Date of Award

5-1-2010

Degree Name

Master of Science

Department

Communication Disorders and Sciences

First Advisor

McCabe Smith, Linda

Abstract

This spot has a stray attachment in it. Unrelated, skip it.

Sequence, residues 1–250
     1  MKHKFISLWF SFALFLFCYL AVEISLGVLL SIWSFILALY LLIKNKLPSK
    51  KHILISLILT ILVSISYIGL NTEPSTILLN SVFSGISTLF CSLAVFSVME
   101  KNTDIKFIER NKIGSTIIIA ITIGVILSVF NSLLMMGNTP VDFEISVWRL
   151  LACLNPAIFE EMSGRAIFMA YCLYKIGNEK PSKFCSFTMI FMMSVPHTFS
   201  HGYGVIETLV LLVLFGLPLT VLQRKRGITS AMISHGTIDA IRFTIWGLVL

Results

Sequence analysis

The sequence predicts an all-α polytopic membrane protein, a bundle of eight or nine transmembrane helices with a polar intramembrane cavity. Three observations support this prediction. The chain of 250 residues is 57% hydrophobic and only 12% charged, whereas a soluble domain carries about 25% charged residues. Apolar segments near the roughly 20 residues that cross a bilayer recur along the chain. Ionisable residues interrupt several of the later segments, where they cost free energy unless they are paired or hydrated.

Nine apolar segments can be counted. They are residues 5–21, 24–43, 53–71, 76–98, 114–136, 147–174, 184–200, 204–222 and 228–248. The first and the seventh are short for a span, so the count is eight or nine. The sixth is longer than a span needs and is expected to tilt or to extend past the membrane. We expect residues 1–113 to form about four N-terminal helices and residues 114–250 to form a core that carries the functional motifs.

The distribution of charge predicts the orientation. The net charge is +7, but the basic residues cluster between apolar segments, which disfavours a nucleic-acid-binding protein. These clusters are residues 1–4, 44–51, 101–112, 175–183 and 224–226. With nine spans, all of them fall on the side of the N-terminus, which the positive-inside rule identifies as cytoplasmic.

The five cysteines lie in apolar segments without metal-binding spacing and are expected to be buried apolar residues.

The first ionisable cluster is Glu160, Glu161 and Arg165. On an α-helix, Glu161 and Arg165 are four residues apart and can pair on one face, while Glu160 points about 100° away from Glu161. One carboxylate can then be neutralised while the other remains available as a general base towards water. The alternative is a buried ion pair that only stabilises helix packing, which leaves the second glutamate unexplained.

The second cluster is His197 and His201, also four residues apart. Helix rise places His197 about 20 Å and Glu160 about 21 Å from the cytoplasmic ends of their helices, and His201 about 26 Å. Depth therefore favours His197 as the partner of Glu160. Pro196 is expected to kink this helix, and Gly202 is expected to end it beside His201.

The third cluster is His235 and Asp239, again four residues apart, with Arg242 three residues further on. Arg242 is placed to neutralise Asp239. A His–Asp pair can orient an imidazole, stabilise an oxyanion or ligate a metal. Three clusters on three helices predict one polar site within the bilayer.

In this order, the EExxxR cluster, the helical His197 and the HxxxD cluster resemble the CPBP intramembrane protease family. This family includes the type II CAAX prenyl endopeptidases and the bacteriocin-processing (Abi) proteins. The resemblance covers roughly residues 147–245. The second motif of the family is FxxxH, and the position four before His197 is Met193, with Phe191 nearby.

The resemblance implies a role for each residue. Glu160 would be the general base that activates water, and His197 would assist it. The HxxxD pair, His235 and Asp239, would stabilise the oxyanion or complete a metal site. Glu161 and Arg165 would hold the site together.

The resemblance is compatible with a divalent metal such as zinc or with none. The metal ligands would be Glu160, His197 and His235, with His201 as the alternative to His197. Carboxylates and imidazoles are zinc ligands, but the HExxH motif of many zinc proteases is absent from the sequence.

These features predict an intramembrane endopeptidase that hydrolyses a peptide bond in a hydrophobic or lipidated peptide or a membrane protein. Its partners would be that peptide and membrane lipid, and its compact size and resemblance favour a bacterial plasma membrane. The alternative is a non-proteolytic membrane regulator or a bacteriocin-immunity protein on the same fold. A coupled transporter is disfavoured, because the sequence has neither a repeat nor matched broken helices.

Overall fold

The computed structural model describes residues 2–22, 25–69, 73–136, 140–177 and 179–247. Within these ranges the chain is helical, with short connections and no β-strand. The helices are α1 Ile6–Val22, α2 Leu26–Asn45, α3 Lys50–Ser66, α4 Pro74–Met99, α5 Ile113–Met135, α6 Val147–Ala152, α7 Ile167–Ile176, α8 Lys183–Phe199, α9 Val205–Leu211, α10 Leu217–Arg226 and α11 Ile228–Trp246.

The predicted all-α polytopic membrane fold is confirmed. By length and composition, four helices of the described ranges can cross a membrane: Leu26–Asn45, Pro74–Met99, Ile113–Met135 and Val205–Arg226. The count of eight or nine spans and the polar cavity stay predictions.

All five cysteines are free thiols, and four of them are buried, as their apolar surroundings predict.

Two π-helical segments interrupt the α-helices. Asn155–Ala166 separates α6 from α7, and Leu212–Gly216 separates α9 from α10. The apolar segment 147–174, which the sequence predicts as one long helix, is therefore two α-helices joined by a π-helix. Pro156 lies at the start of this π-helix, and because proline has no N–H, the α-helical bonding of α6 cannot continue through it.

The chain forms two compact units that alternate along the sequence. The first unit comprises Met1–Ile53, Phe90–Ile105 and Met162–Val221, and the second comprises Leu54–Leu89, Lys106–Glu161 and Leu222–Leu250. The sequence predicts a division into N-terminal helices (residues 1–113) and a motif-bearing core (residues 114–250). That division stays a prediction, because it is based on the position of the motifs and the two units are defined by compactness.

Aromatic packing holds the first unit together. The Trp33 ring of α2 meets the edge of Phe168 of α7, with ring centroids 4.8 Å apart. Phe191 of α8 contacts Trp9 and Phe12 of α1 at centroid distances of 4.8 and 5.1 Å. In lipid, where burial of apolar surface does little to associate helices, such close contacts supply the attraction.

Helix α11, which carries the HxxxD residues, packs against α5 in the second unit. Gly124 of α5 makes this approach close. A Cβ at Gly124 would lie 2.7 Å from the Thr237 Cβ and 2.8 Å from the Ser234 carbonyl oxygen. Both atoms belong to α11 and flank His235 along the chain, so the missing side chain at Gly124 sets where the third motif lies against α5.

AN ABSTRACT OF THE THESIS OF SAMANTHA OKON for the MASTERS OF SCIENCE degree in Communication Disorders and Sciences, presented on April 5, 2010, at Southern Illinois University Carbondale. TITLE: GRADUATE STUDENT PREFERENCES OF SOCIAL POWER USE IN CLINICAL SUPERVISION MAJOR PROFESSOR: Dr. Linda McCabe Smith, C.C.C. SLP The purpose of this pilot study was to investigate the preferences and perceptions of graduate student supervisees when rating the five bases of social power use of their supervisors in clinical speech-language pathology. When used in supervision, the supervisee may perceive some bases to be positive in outcome and some to be negative. Social power refers to the ability of one individual to influence the beliefs, attitudes and behaviors of another individual. French and Raven created the five bases of social power in 1959 in order to describe how individuals or groups interact with one another (Raven, 2008). The five bases of social power include coercive, reward, expert, legitimate and referent. Results indicated that graduate supervisees preferred more referent power, reward power and expert power than was used by their current supervisor. Results also demonstrated graduate supervisees would prefer less coercive power and legitimate power to be used by their supervisors in clinical supervision.

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